Princesse de Broglie

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Princesse de Broglie


Jean-Auguste-Dominique Ingres (French, 1780–1867)

Oil on canvas; 47 3/4 x 35 3/4 in. (121.3 x 90.8 cm)

Robert Lehman Collection, 1975 (1975.1.186)

Although portraiture was a genre he came to dislike, Ingres depicted many of the leading personalities of his day. This painting of Joséphine Eléonore Marie Pauline de Galard de Brassacede Béarn, princesse de Broglie, is his last commissioned portrait of a female sitter. A member of the most cultivated circles of the Second Empire, the princess was renowned for her great beauty as well as her reserve, both qualities captured in this portrait. Ingres' facility for brilliantly transcribing the material quality of objects is seen in the rich satin and lace of the sitter's gown, the silk damask upholstery, and the richly embroidered evening scarf draped across the chair. Also rendered in exquisite detail are her sumptuous jewels, which include the fashionable antique-inspired pendant around her neck.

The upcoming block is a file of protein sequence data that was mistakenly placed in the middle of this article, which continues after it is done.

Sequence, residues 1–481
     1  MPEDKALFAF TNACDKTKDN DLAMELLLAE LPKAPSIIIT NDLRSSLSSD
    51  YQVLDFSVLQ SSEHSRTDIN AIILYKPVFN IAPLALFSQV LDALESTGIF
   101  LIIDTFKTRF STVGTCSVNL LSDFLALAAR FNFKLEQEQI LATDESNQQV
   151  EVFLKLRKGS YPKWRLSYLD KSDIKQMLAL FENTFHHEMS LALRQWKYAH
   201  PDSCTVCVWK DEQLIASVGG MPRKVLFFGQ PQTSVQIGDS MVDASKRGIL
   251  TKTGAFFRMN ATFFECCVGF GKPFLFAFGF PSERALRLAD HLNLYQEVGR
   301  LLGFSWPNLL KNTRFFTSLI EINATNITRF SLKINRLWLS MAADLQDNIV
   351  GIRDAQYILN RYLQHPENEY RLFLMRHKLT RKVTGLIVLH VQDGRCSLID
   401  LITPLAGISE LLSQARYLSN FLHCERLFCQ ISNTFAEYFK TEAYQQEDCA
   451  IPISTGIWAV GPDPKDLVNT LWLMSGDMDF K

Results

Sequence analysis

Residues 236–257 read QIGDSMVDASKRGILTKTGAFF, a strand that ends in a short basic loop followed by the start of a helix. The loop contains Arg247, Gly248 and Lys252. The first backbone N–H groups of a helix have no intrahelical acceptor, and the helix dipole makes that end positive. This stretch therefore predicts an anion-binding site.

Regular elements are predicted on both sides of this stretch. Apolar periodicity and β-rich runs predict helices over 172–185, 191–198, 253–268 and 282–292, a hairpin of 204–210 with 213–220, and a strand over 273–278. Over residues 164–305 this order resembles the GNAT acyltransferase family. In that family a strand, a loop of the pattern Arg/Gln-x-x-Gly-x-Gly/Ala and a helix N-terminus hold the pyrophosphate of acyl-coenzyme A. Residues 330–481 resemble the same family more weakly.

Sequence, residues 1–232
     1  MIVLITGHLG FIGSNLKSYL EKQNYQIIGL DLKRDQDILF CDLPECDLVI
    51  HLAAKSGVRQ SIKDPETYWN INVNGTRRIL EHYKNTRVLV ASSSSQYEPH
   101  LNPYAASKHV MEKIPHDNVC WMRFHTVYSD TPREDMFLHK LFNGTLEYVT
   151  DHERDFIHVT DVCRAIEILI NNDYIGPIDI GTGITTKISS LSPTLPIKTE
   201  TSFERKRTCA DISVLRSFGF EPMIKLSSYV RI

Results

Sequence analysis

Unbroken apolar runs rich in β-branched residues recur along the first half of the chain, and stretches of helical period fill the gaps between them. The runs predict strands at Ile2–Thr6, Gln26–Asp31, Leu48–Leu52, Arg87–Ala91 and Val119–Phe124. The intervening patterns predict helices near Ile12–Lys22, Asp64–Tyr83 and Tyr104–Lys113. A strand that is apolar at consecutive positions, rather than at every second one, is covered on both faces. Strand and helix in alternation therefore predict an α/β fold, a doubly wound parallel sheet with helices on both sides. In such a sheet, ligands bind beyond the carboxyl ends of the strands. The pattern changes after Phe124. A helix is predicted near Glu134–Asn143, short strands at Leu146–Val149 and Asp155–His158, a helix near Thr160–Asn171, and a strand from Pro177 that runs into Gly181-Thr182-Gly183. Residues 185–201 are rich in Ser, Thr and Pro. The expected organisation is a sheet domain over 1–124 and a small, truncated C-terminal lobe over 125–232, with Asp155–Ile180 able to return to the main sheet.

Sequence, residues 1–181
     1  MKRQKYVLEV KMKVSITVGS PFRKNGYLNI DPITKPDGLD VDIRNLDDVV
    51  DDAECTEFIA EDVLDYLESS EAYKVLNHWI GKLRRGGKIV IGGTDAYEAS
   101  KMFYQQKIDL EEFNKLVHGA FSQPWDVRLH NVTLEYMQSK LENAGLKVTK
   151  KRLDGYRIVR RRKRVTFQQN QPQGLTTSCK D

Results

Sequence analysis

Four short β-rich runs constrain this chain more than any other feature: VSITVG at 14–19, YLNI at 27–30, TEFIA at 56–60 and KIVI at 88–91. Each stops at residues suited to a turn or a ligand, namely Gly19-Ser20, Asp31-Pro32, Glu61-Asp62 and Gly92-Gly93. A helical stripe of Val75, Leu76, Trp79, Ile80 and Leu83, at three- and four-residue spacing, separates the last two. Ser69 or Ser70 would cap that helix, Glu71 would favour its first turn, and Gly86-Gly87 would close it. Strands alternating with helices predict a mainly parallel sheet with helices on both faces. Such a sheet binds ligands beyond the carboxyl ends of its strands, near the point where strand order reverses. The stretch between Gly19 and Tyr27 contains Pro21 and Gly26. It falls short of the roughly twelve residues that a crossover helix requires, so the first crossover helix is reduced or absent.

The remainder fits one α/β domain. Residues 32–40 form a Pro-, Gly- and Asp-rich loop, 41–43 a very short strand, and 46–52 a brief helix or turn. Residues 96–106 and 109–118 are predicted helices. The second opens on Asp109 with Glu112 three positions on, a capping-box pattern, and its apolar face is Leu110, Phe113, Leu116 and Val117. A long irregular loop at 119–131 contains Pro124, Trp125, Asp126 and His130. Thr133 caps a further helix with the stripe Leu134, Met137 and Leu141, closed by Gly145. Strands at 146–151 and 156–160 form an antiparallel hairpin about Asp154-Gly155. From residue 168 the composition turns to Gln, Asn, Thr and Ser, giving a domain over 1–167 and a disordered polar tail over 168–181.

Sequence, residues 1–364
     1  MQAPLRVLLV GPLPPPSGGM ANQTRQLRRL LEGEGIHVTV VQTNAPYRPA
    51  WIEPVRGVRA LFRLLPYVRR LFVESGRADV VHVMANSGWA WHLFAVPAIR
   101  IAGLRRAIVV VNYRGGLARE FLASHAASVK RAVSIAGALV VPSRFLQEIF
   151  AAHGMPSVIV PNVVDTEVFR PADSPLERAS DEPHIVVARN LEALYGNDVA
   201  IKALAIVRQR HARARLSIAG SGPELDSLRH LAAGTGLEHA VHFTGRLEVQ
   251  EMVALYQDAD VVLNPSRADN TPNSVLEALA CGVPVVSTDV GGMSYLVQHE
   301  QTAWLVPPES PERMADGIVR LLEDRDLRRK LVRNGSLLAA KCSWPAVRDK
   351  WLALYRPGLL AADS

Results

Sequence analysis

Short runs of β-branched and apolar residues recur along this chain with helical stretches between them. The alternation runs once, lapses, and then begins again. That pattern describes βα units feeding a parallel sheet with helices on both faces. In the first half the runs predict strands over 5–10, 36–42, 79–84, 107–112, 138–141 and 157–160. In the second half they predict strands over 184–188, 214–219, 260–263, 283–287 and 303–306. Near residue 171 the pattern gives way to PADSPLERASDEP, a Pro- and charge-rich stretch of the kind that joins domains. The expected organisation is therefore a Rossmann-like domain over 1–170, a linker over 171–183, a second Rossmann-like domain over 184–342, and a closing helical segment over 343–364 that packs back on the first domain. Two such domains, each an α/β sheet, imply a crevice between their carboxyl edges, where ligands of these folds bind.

The princesse de Broglie died of consumption at the age of thirty-five. Her bereaved husband kept this portrait behind draperies in perpetual tribute to her memory. It remained in the family until shortly before it was acquired by Robert Lehman and retains the original, ornately carved frame that Ingres himself selected.

Image and caption from the Metropolitan Museum of Art

by Jean-Auguste-Dominique Ingres